William Rapfogel charged in $1 million kickback scheme
A former New York City power broker with ties to Assembly Speaker Sheldon Silver was charged Tuesday with pocketing more than $1 million in a kickback scheme that lasted two decades.
William Rapfogel, 58, who led the Metropolitan Council on Jewish Poverty before resigning in August, was arraigned in Manhattan on felony charges that include grand larceny, money laundering, criminal tax fraud and conspiracy.
Rapfogel, the husband of Judy Rapfogel, longtime chief of staff to Silver (D-Manhattan), pleaded not guilty. Supreme Court Justice Kevin McGrath released him on $100,000 cash bail.
Investigators have recovered more than $400,000 that Rapfogel allegedly stashed in his two homes, and Rapfogel turned over some of the money himself, officials said.
The scheme involved Century Coverage Corp., a Valley Stream insurance agency, and two co-conspirators who worked for the company, according to a criminal complaint state Attorney General Eric T. Schneiderman filed Tuesday. The co-conspirators were not named and no one from the company has been charged.
Schneiderman said Rapfogel conspired with others to inflate insurance payments paid by Met Council, a major nonprofit social services group, while pocketing the difference between the inflated costs and actual costs, "amounting to more than $5 million stolen from the organization over roughly 20 years." Some of the money was funneled by Rapfogel and employees of Century Coverage into campaign contributions to various politicians, Schneiderman alleged.
Schneiderman said Rapfogel "received about $1 million himself and shared the remainder with his co-conspirators." The criminal complaint doesn't spell out precisely how the money was divided.
The prosecutor said Rapfogel received regular payments, either in envelopes stuffed with cash or through checks made out for personal expenses.
At one time, Rapfogel converted $100,000 in cash into a check to help his son purchase a house, the complaint said, and another time used $27,000 to pay a contractor working on his residence.
Rapfogel told an investigator that he kept some of the money in his homes.
"It's always sad and shocking when we discover that someone used a charity as their own personal piggy bank -- but even more so when that scheme involves someone well-respected in government and his community," Schneiderman said.
Schneiderman and state Comptroller Thomas DiNapoli conducted a joint investigation into the alleged conspiracy.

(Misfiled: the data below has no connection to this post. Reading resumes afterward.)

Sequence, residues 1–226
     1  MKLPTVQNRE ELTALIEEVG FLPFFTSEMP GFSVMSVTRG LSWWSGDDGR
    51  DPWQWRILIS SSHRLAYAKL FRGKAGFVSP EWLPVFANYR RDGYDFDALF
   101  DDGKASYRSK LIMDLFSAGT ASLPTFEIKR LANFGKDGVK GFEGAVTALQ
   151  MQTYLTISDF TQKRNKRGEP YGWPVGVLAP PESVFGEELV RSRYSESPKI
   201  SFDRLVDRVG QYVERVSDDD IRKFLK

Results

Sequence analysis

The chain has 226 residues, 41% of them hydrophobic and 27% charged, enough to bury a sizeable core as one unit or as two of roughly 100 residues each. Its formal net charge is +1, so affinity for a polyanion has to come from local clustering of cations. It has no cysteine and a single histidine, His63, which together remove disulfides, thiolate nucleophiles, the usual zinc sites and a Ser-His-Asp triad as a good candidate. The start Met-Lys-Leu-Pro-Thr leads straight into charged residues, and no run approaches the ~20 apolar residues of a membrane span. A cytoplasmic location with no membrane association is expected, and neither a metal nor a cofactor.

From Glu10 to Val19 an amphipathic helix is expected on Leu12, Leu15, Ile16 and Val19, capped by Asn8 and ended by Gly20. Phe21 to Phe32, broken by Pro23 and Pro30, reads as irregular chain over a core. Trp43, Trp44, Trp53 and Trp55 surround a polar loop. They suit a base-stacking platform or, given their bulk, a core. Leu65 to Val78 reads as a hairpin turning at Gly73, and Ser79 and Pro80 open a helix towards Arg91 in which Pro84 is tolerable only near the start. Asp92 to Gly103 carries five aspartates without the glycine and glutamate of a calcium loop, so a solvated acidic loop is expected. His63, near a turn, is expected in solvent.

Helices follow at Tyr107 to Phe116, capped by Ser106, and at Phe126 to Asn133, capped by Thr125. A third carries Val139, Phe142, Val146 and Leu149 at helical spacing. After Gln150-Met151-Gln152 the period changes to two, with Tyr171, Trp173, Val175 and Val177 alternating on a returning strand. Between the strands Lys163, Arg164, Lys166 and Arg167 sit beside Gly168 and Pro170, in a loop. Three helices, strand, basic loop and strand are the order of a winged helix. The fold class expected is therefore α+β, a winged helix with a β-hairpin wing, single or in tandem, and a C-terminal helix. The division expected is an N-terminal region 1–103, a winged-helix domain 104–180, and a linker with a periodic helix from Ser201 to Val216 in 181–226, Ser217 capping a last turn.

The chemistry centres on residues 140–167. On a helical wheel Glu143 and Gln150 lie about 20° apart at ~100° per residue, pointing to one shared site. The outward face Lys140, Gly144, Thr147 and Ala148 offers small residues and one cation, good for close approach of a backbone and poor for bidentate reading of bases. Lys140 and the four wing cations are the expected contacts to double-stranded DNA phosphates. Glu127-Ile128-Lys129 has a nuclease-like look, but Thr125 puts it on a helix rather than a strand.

"The scale and duration of this scheme are breathtaking," DiNapoli said. "When individuals in the mission of helping others instead help themselves, it is particularly egregious."
Rapfogel "directed an owner" of Century Coverage to channel some of the kickback money "to various politicians in an effort to benefit Met Council," according to the attorney general.
Benjamin Brafman, attorney for Century Coverage owner Joseph Ross, didn't directly address the allegations Tuesday. "I have no comment other than we are aware of the investigation and we intend to address these issues in a responsible fashion," Brafman said.
Century Coverage employees have donated at least $140,000 to Democratic candidates in New York City since 1999, according to the New York Campaign Finance Board website, as well as at least $62,000 to statewide races, a review of records in August showed.
When news of the scandal broke in August, Rapfogel issued a statement saying he regretted his "mistakes" and would "make amends." His attorney Paul Schechtman said later that "whatever [Rapfogel] did, neither his wife nor Speaker Silver knew anything about it."
Schechtman didn't comment immediately Tuesday.
A Silver spokesman cited the Assembly speaker's previous comment that he was "stunned" by the allegations.
The Met Council, which relies in part on state and city funding to provide food, shelter and care for thousands of New Yorkers, has received $26.3 million in state grants since 2008, according to a Newsday review of records.
Rapfogel's former organization frequently received grants known as "member items," often criticized as pork-barrel spending, from state government. A 2006 report showed that six grants, listed under Silver's name in budget documents and totaling around $1 million, went to the council.
At that time, Rapfogel told The Associated Press that the organization received state grants long before Silver was speaker. Rapfogel said his wife "disqualifies herself in terms of any discussion that relates to the organization."
Rapfogel also said then that he'd known Silver for more than 40 years -- since Silver was his youth basketball coach.